Social Planning and Ethics
We shall proceed with the definition of planning gradually, step by step, from general to more specific. The resulting differences in major types of planning are not a consequence of an abstract exercise. The types are related to major patterns that were practiced by planners and decision makers of our century.
The major dilemma is the problem of ends and means: considerations of efficiency versus ethical-moral, normative considerations (normative boundaries) in choice of means. In its very essence it is a problem of social control by use of force and coercion, on one hand, and freedom, or various degrees of free associations, on the other.
Strategy and tactics constitute the art of achieving goals effectively. Planning, social economic planning, is nothing else but a specific type of strategy. It is governed by the same principles as strategy is. It faces similar problems. The structure of goals is similar, since it is the same major pattern of achieving objectives. Planning is a rational and economic way of achieving goals: by means of least effort, with a minimal or optimal allocation of resources in optimal time necessary for efficient achievement of goals. It is above all a choice of adequate means in order to achieve desired ends.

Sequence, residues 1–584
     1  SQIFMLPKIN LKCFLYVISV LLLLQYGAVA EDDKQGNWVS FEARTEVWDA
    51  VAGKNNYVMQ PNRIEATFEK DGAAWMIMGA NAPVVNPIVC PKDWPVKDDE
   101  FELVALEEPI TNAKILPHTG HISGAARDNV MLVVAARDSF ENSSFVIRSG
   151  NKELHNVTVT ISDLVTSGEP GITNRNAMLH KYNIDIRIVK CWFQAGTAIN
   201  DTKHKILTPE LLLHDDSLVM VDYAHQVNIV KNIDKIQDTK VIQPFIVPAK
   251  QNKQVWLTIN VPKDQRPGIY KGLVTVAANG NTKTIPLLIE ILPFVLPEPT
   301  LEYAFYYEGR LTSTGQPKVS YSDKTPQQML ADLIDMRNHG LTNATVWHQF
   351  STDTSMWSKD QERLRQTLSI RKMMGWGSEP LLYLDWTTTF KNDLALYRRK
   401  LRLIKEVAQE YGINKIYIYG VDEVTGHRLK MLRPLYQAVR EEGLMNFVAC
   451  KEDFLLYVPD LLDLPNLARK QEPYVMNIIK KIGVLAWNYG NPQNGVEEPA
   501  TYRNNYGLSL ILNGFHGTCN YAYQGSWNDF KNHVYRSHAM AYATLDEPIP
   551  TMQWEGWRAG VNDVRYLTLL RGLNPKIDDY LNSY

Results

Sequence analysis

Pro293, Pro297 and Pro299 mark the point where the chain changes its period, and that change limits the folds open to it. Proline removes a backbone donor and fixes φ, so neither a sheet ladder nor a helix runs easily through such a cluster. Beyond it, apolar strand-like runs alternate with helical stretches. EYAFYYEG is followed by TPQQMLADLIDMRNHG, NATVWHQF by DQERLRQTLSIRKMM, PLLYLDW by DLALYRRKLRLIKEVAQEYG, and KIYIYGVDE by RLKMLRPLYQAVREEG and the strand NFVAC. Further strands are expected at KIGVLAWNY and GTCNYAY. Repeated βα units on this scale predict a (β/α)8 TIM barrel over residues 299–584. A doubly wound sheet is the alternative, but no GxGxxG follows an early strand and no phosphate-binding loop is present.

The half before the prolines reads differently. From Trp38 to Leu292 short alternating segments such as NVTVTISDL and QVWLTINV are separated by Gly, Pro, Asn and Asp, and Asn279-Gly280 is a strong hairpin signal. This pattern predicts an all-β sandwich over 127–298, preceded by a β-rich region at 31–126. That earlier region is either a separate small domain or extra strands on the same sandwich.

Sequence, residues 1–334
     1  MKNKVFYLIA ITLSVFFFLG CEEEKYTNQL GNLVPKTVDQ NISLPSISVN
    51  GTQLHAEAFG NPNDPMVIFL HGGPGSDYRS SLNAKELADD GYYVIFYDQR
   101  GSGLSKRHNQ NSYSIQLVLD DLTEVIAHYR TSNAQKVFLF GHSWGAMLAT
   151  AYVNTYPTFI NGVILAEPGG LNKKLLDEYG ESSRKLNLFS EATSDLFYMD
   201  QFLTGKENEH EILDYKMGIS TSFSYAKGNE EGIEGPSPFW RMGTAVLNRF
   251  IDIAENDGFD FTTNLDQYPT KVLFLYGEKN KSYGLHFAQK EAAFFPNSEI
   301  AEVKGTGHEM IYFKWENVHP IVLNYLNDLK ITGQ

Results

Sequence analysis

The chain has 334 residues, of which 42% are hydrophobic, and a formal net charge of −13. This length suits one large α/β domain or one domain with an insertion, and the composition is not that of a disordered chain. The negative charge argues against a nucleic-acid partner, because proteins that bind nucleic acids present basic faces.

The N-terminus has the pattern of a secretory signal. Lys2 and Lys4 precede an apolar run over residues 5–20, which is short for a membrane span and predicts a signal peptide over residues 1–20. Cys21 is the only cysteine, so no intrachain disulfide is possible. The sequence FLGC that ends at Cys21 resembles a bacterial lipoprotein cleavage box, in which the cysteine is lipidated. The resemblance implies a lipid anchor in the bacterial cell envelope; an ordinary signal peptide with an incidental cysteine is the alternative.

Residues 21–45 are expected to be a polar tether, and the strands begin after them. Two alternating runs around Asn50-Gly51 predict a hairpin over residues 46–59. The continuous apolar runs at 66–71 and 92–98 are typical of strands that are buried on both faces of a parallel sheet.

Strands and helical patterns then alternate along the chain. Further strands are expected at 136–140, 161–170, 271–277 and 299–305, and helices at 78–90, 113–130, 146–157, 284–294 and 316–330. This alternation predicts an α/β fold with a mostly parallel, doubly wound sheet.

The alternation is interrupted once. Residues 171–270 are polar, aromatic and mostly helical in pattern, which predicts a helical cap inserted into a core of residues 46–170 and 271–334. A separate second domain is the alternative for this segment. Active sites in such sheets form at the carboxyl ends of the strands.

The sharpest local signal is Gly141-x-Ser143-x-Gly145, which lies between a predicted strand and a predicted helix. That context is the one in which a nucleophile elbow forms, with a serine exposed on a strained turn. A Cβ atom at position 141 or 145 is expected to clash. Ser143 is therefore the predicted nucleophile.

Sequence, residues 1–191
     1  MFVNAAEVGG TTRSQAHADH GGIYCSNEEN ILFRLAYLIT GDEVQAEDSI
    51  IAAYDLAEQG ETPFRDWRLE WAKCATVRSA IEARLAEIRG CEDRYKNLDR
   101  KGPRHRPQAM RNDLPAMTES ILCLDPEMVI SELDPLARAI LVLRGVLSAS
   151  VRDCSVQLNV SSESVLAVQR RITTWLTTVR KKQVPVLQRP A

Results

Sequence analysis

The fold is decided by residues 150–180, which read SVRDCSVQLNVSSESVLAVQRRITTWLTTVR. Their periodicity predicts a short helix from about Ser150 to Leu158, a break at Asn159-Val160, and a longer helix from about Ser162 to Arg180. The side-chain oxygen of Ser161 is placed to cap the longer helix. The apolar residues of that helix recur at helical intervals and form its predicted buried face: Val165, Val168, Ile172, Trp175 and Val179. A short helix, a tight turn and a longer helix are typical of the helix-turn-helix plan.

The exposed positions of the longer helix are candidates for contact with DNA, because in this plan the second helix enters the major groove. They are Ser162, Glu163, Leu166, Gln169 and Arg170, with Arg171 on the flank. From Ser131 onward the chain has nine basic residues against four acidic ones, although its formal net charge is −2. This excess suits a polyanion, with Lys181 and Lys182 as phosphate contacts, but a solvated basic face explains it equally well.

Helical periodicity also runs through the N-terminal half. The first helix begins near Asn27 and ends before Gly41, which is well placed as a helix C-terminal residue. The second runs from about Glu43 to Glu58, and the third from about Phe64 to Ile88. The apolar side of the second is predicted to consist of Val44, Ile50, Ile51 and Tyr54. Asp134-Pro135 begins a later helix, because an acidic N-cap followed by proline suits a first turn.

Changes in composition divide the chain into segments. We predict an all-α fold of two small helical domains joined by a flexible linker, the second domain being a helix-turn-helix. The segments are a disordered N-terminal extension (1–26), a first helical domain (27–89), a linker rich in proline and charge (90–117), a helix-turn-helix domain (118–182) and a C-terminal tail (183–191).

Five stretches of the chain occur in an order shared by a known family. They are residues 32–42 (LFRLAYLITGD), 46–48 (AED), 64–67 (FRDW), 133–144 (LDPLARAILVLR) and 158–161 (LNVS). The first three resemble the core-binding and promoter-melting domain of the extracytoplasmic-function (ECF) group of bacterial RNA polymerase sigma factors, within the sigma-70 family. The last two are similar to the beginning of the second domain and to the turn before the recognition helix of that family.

Planning is an art akin (but not equivalent) to science. The function of the scientific method is an intellectual economy and concentration of intellectual effort with the purpose of achieving valid and verifiable results. Thus maximizing efficiency in goal achievement with a minimum of allocation of resources and effort is a component of planning. Principles of economy of effort and expenditure are not sufficient, however seminal they may be. The concept, or at least a major category of social planning, is identified with public interest, with the welfare of underprivileged, with assistance to the needy, with protection of the exploited. It is considered a beneficial activity. In such context and within this narrowed-